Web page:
November 13, 2012
On November 27, 2007 my son Khary Halsey was born. This date is a milestone to a great transition in my life. At the time of his birth his mother and I were a couple. Both young parents in our early 20's, we embraced the idea of parenthood and raising him together. Unfortunately we weren't able to stay in the relationship and provide Khary with a two parent household, so we decided to go our separate ways a year and a half after Khary was born.
Prior to the breakup my son and I already developed a deep bond. When it was time for the breakup he obviously gravitated towards me, which put me in a position to demand that I have my son more days out the week than her. I loved my son and I living under the same roof and seeing my son wake up every morning. I was unable to accept a typical "see your child on the weekend" scenario or let her be the sole provider to my child. I needed to have a positive impact on my son's life. There are a lot of factors that affect me and my drive to be an effective father. Besides the obvious natural bond to your child and father wanting a small version of him. I grew up in a household without a father and I would never want Khary to experience or miss certain things that I may have. I couldn't imagine growing up without my mother, so it wasn't my goal to keep Khary from his mother either. We agreed on an arrangement where I would have him four to five days out of the seven day week.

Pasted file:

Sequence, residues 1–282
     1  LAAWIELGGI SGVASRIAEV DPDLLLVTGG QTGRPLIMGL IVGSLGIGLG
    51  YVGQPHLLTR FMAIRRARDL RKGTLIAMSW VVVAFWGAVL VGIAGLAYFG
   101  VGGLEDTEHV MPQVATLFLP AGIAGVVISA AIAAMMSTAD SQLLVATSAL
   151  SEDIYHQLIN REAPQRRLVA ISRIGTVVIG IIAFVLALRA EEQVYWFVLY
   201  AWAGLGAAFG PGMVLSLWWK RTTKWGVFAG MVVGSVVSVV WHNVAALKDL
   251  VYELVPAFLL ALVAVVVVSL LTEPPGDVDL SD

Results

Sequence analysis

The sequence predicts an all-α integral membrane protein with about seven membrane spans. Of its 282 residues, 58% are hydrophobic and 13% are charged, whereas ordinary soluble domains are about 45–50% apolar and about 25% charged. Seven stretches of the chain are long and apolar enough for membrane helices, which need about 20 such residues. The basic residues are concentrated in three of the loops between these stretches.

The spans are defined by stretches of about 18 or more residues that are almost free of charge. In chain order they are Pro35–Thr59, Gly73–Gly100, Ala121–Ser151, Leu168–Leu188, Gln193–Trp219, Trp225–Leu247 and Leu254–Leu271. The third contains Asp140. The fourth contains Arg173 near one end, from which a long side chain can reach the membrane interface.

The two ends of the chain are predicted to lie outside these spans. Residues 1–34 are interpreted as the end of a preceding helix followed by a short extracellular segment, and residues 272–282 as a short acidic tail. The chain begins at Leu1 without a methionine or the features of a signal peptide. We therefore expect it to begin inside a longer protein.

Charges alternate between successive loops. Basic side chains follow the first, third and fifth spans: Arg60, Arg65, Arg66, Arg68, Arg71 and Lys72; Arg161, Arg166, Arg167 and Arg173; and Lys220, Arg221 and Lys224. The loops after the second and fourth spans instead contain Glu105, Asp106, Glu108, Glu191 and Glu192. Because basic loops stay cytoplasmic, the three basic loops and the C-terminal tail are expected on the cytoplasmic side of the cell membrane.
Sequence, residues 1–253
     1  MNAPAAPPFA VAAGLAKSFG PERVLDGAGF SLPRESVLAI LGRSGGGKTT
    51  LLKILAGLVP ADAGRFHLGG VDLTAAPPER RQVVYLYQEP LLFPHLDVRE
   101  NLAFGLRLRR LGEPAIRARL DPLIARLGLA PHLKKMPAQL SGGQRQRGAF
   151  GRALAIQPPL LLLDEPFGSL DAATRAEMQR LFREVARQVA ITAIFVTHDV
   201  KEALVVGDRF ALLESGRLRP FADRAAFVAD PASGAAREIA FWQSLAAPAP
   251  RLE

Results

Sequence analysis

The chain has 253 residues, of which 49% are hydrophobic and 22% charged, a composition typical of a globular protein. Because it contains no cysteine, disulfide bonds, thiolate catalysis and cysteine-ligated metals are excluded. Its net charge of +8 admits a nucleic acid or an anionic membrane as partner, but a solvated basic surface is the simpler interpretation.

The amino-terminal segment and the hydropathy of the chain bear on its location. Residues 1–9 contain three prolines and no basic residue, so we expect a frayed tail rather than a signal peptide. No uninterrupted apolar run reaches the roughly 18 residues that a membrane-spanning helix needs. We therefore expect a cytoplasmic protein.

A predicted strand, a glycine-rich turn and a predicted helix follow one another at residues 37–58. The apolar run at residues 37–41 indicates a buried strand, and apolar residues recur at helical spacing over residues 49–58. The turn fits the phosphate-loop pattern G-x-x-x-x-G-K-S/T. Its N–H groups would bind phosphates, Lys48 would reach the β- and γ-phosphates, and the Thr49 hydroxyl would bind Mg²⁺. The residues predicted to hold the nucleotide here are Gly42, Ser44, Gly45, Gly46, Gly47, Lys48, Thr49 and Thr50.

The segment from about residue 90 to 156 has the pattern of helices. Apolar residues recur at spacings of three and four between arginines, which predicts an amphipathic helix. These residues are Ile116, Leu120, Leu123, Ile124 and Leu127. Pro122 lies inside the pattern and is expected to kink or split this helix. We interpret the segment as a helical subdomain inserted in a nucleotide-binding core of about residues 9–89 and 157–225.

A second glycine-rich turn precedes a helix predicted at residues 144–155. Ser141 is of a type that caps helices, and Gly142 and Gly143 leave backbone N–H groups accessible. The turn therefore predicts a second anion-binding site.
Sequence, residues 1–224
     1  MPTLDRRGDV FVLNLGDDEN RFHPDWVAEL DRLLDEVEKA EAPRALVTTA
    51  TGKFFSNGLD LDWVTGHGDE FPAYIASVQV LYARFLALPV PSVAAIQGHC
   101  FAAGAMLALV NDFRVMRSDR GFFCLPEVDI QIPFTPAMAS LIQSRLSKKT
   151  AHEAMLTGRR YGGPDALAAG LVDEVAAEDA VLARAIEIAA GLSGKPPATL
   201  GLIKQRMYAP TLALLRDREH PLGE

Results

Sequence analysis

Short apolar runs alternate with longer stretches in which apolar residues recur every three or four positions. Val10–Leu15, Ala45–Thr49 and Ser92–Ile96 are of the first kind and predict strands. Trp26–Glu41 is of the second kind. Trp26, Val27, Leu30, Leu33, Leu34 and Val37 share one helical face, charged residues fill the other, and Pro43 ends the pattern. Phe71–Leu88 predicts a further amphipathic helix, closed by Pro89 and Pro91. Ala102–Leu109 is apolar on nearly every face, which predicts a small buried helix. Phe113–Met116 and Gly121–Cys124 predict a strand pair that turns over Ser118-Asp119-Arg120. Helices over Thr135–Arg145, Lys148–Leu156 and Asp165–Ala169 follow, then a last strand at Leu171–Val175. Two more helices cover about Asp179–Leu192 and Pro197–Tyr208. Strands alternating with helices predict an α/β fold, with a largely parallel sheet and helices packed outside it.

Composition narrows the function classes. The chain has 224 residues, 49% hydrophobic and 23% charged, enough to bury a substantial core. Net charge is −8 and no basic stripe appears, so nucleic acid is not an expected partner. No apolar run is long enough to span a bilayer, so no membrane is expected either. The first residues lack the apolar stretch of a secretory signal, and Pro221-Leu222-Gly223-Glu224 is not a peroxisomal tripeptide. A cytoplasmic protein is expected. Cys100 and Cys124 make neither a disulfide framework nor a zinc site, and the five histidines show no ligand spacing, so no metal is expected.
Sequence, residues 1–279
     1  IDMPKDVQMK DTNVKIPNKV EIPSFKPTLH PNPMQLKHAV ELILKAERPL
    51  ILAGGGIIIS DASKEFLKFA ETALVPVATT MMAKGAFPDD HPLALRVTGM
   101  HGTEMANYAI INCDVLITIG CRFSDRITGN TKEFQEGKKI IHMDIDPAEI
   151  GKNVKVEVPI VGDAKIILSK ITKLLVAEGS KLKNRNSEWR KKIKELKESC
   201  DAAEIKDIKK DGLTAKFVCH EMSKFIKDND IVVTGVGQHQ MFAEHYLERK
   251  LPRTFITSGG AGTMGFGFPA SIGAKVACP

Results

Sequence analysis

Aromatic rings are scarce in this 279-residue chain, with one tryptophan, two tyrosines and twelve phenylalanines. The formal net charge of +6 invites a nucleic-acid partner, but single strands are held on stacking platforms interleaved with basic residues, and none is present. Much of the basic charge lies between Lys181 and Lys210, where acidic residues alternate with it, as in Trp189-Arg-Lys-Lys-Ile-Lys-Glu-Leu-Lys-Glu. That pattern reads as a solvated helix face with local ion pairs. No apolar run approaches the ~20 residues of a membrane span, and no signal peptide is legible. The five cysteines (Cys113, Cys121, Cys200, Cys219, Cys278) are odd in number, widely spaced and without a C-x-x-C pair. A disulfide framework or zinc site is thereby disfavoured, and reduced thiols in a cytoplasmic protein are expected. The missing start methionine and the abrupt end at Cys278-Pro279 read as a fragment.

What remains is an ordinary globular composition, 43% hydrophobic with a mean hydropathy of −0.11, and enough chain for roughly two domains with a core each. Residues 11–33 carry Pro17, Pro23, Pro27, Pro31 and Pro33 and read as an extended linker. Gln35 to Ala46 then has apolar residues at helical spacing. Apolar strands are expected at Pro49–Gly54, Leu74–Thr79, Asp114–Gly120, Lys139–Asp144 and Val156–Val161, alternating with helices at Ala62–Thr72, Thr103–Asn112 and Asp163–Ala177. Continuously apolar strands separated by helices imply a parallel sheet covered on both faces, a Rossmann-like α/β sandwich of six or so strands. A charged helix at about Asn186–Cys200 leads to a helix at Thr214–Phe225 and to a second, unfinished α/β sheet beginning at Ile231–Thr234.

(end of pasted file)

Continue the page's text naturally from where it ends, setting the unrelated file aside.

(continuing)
Gaining this great responsibility seemed effortless. The joy you gain from the interaction with your child and helping them develop, far out-weighted the sacrifices needed to be made. In fact I didn't consider them sacrifices. Putting my child to sleep held far more value to me then being able to go out to the night club. Maybe I'm boring; maybe I had him at the right time in my life. Some of the things people say you miss out on when you have a kid is overrated, meanwhile some of the things you experience as a parent is once in a lifetime.
As a father, sometimes I do notice I get extra attention or "kudos" for doing something I should be doing. I also find that I am under scrutiny by the watchful eye of women passing by, not sure if this guy knows what to do with a kid. I can understand both, given the stereotype that young men don't raise their children or provide much guidance. Even in the stereotypical two family household the role of the man is mainly the financial provider and occasional disciplinarian when needed, but that's it. We are rarely seen as the party working on the in-between, changing diapers, waking up in the middle of the night, cooking dinner, offering simple conversation or other interactions. What's ironic is most of my male friends that have children take care of their kids to the same extent. I even think some of the praise I receive is undeserved. I have a son and I just have to brush his hair. I have male friends that have little girls, and had to learn how to do girls hair and get them ready before work. I'm sure this takes more time and effort.